While it’s a concern dismissed by some as parochial, the Liberals are worried non-West Australians will win Senate seats – and are trying to stop it.

The Liberals are pushing for changes to the Commonwealth Electoral Act to ensure that anyone who wants to represent a state or territory in the Senate has to live there.

According to some reports, 10 of the 77 candidates in the West Australian Senate election live elsewhere in the nation.

On Thursday, Liberal MP Tony Smith made a statement to federal parliament on behalf of the Joint Standing Committee on Electoral Matters, saying that continuing the current situation was “not an option”.

The Liberals have taken aim at the Palmer United Party this week, saying its preference deals could result in the Help End Marijuana Prohibition Party’s lead candidate James Moylan, a Queenslander, winning a Senate seat.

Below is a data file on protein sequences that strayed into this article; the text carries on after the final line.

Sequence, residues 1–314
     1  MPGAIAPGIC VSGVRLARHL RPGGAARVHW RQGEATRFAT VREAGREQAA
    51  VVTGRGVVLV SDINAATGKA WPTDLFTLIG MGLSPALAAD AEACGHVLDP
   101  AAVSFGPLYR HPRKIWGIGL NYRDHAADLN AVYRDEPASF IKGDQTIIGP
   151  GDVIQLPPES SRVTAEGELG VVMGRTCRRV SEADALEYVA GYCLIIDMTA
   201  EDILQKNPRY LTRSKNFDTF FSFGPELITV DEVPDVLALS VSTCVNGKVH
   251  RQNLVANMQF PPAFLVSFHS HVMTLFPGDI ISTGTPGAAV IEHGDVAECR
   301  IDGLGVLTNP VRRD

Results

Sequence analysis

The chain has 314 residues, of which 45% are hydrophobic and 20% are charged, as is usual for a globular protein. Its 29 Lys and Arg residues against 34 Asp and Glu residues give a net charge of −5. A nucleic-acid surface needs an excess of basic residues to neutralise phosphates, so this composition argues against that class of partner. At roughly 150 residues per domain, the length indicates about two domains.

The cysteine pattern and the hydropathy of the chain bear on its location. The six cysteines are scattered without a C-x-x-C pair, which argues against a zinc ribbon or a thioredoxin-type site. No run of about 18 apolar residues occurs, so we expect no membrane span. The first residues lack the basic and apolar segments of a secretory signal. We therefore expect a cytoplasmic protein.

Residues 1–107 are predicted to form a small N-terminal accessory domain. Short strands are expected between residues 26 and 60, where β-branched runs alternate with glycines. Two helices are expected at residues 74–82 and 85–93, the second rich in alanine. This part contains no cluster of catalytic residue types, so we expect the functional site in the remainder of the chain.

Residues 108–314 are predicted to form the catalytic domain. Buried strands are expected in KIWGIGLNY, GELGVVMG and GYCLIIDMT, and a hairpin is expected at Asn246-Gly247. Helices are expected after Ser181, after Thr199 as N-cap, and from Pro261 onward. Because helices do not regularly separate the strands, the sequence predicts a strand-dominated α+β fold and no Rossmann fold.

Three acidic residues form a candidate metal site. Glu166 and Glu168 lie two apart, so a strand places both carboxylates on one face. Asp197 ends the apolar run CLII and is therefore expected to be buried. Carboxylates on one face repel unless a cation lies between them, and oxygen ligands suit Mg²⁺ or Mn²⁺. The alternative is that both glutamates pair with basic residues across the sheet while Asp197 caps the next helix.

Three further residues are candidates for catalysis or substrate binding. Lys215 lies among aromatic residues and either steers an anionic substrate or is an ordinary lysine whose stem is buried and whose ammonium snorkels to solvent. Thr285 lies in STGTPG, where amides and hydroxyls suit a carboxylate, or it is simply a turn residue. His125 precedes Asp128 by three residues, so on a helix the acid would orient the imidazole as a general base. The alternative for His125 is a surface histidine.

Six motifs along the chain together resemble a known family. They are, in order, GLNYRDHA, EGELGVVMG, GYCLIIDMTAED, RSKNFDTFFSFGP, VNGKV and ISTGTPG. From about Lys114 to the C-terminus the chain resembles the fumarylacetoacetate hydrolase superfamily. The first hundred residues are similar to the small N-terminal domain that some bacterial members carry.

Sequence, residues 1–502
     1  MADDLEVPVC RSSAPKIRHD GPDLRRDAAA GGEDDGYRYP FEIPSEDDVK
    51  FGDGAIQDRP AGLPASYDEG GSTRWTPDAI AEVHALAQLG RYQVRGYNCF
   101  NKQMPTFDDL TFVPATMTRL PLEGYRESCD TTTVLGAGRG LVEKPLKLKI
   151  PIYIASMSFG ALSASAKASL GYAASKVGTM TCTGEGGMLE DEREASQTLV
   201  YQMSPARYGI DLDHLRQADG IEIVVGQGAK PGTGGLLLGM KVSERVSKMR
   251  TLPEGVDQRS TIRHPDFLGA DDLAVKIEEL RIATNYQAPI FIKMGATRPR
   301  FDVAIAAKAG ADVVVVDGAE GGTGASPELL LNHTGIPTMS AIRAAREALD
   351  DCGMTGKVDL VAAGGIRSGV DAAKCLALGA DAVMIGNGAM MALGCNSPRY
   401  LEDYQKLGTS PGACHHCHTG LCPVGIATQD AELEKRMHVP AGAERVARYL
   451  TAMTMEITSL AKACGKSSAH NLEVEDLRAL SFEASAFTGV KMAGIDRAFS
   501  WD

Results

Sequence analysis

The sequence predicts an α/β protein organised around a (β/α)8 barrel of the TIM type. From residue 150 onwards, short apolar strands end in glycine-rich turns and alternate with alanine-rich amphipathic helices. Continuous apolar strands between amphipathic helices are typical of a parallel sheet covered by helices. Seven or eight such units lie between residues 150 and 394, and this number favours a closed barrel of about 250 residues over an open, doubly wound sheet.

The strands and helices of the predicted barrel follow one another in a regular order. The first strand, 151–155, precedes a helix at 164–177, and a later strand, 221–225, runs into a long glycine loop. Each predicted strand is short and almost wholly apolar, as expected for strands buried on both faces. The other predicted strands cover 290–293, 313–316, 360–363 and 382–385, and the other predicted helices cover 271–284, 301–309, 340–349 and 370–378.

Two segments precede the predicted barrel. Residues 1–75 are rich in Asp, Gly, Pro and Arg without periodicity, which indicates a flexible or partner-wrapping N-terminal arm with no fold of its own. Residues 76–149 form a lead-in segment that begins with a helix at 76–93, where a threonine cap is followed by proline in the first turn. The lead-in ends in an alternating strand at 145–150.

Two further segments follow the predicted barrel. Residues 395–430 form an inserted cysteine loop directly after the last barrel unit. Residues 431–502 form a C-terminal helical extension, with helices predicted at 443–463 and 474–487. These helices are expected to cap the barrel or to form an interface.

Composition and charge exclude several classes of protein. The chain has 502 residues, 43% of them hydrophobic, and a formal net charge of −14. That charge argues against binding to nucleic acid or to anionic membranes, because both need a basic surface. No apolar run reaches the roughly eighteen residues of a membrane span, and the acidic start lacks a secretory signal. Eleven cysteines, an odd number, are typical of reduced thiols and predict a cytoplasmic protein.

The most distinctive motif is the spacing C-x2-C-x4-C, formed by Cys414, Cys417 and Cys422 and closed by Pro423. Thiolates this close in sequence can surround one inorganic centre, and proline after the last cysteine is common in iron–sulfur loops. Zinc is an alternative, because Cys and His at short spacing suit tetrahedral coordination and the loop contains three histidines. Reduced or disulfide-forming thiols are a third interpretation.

“At the last federal election, Tasmania almost ended up with a Sex Party Senator from Canberra,” the Liberals said in a statement.

“People rightly expect that their state will be represented by someone who lives there and, by extension, shares their local knowledge and goals of getting a better deal for their community.”

The committee’s full report on a range of electoral matters is due to be released later this year.

The Liberals said all of their candidates in the WA Senate election were local.